IN THE SEARCH FOR THE SOURCE OF LIFE (FAITH AND PHILOSOPHY)

January 08, 2019

Life is a phenomenon which was even more unexplainable in ancient and forgotten times. If we wish to go onto the journey in the search for the origin of life the best point to start from is to put ourselves in the shoes of those men in which the reasoning capabilities were first developed.

LOOKING FOR TRUTH WITHOUT

The first question which the reasonable man would ask himself when caught in the web of life would be "How do I and everything around me exist?" This question would immediately illuminate him with the fact that there has to be a source of life for nothing can be created out of nothing. Incapable of finding this source throughout the boundless nature around him, man is faced with two choices - to believe or to think. Regardless of his choice however, he is faced with the reality around him - the sun rises and settles every day, in the night sky he sees glowing dots, with time passing by the air goes through the cycle of coldness and warmness, the plants die and are being revived again, but the only things which are never revived before his very eyes are the rest of the people and animals.


The first men who had demonstrated some religious beliefs were those who reached certain conclusions based upon their observations of the world around them. They saw that everything around them seemed to go through 4 stages. The sun rises, reaches its peak, settles and darkness takes over. Over time the sun, from their point of view, went through a similar cycle within larger span of time, but following the same principle - in the spring the sun was "rising", during summer it was in its peak, during autumn the sun settled and during winter it has fallen into darkness. Those reasonable men also began to realize that this 4-stage cycle manifested itself into living things as well - each of those seasons is accompanied by the birth, peak, decay and death of plants. The believer therefore begins to deify the Sun as a supreme God for he sees that its light regulates life and creates the world, for during the night when it is dark everything is merged, but when the sun rises its rays create the world - man begins to see all separate elements in the world around him.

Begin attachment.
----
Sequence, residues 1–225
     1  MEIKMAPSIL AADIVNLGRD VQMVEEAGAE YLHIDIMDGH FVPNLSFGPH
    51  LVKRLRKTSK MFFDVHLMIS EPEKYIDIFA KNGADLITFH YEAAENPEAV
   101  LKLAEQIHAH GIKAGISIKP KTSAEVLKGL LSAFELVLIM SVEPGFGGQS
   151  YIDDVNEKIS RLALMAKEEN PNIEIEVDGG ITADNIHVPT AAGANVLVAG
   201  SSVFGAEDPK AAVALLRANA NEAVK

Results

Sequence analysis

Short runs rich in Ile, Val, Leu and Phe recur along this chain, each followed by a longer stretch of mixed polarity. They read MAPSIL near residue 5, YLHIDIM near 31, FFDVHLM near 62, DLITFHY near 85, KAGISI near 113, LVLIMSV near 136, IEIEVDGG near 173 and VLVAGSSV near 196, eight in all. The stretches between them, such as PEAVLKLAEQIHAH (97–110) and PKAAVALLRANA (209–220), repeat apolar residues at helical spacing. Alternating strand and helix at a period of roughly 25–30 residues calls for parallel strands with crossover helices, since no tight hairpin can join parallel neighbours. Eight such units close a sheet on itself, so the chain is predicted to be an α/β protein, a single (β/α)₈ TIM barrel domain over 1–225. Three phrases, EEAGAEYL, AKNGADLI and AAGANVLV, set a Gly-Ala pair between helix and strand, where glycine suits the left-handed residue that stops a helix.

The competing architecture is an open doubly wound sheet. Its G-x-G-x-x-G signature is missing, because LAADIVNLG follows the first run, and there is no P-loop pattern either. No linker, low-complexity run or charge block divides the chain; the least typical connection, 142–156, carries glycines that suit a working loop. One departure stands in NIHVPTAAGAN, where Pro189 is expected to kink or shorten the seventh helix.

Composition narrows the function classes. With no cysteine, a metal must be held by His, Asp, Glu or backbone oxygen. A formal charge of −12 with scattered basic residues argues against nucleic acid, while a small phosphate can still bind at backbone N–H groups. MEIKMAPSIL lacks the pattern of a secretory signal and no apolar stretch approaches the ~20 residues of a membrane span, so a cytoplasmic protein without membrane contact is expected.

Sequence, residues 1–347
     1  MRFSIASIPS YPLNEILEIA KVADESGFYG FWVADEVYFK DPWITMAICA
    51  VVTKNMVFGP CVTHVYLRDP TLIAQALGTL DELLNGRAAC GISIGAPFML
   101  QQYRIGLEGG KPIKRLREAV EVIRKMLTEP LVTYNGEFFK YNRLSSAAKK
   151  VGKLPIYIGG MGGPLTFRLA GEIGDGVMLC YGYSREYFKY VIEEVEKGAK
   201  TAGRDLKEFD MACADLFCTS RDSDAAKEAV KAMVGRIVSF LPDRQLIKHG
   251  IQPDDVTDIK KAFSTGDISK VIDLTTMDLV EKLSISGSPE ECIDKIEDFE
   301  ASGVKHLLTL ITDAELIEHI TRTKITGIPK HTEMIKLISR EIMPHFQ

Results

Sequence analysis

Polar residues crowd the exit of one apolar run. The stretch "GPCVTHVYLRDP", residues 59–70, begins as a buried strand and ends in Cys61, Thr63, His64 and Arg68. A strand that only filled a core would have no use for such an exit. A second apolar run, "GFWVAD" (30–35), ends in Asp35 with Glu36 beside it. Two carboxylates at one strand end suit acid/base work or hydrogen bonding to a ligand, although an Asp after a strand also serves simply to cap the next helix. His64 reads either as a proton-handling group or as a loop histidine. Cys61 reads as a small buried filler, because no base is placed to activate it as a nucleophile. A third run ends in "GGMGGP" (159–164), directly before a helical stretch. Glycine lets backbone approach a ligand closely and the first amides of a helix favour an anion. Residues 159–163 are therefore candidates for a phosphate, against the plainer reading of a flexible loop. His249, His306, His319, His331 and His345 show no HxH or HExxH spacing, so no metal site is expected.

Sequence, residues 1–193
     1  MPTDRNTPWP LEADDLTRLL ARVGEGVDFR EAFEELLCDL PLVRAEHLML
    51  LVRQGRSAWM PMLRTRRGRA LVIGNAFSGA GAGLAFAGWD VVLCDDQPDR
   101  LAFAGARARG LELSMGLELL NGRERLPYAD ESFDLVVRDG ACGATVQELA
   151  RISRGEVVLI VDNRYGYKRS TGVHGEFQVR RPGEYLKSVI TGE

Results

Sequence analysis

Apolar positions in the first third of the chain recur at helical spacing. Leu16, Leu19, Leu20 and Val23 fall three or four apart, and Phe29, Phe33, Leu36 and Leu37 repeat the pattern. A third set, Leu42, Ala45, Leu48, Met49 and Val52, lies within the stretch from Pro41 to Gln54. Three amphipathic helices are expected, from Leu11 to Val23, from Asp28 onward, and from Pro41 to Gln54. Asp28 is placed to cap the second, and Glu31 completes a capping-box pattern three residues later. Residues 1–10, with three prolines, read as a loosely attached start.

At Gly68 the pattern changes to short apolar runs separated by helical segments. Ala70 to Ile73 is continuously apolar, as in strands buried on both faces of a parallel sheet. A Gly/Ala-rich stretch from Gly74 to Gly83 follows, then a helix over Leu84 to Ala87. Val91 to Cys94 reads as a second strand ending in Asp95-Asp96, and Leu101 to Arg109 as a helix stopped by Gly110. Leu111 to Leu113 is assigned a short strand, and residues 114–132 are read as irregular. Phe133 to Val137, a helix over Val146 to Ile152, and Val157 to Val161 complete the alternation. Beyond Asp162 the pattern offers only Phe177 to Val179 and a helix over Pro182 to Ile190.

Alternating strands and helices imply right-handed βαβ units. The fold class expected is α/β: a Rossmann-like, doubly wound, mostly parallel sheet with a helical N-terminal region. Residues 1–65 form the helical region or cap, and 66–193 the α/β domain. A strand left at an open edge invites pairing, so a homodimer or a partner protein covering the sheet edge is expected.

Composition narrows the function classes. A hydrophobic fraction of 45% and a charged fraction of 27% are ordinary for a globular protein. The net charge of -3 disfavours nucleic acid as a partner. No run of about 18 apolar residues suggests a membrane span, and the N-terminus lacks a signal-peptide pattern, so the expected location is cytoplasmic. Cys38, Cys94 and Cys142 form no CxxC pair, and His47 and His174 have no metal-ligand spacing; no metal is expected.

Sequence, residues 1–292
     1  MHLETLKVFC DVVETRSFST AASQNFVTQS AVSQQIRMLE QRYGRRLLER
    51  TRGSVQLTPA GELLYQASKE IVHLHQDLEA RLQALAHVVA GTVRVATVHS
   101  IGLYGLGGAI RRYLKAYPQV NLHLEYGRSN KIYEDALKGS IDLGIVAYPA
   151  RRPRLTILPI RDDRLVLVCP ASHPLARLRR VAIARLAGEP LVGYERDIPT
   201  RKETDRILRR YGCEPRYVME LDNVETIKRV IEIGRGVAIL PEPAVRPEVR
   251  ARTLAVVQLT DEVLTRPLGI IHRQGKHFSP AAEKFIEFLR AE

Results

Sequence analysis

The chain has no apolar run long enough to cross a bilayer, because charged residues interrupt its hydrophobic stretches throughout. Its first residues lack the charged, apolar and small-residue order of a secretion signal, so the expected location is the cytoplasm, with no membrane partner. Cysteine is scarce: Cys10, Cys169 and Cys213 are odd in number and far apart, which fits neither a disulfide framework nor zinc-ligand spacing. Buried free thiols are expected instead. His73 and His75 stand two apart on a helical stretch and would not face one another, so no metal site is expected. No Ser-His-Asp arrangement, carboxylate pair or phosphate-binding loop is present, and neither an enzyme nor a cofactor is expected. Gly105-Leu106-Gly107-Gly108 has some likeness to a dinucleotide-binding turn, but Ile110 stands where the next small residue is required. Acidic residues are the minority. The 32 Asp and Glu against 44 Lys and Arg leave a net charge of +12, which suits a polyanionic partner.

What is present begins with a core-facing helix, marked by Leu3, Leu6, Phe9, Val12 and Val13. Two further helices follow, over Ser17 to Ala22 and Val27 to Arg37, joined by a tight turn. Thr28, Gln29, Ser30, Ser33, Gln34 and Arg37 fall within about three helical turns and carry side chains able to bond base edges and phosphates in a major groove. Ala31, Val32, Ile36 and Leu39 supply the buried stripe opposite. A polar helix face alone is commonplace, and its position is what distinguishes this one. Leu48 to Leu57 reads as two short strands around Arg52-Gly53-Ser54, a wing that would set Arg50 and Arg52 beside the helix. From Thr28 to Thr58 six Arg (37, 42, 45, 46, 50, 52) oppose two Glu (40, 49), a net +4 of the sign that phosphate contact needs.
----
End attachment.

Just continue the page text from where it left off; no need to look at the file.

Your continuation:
The believer is then confronted with the conclusion that just as plants draw life from one and the same source (Earth) so they can be revived, so does humans and animals have to draw life from some invisible source in order to be revived/transformed after death (not necessarily in physical form), as everything seemed to obey the 4 stages of the cycle of life which repeats itself eternally - birth, splendour, decay, death.

LOOKING FOR TRUTH WITHIN

The philosopher however, unlike the believer, uses the same tenet of thought "As above, so below; as below, so above. As within, so without; as without, so within", but his thought is based upon things which he knows exist and touches them through reason. The philosopher, as the believer, asks himself the question "How do I and everything around me exist?",  but he takes a different approach of thought. Instead of looking for the source of life by observing nature, he does so by turning his attention towards himself. He begins to work with that which he knows exist as a part of him and analyzes it. Not long after that the philosopher establishes a few fundamental facts:

- He sees nothing when he closes his eyes
- He tastes nothing when nothing is in his mouth
- He smells and hears nothing when his nostrils and ears are clogged
- And he feels nothing when his skin isn't touching anything.


Therefore he contemplates that he is the source of life, for without his bodily capabilities the world around him seems to exist only as a potential which is turned into a reality through his senses. The philosopher then begins to analyze the mental aspect of his human constitution - his mind. In this analyzation he establishes the fact that he can exercise thought only upon things which he sees around him and upon ideas within his mind, which are clothed in forms seen by him in the past. He concludes that man cannot make sense of an idea if that idea is not associated with some known to him images. The philosopher's analysis makes him realize that he is acquired with:
- Bodily perception (thought upon that which he sees with his eyes)
- Mind perception (thought upon ideas clothed in forms and images which are familiar to him)

Even further reasoning upon his own mentality, leads the person towards the contemplation of the fact that there is something within him which transcends those two aspects of perception. The philosopher realizes that in order for him to exercise any thought, he must have the capability to understand that which he sees and imagines. Therefore because he has this capability of understanding, this capability itself must have its own source. And since both the "understanding" and its source are not the product of his body, the philosopher realizes there is something which is immortal and eternal within him. Understanding this, he sees himself capable of becoming "enlightened" through meditation with the purpose of touching this eternal source. A man who has touched his eternal beingness is said to be illuminated, thus becoming a  "Yogi" (one with everything).

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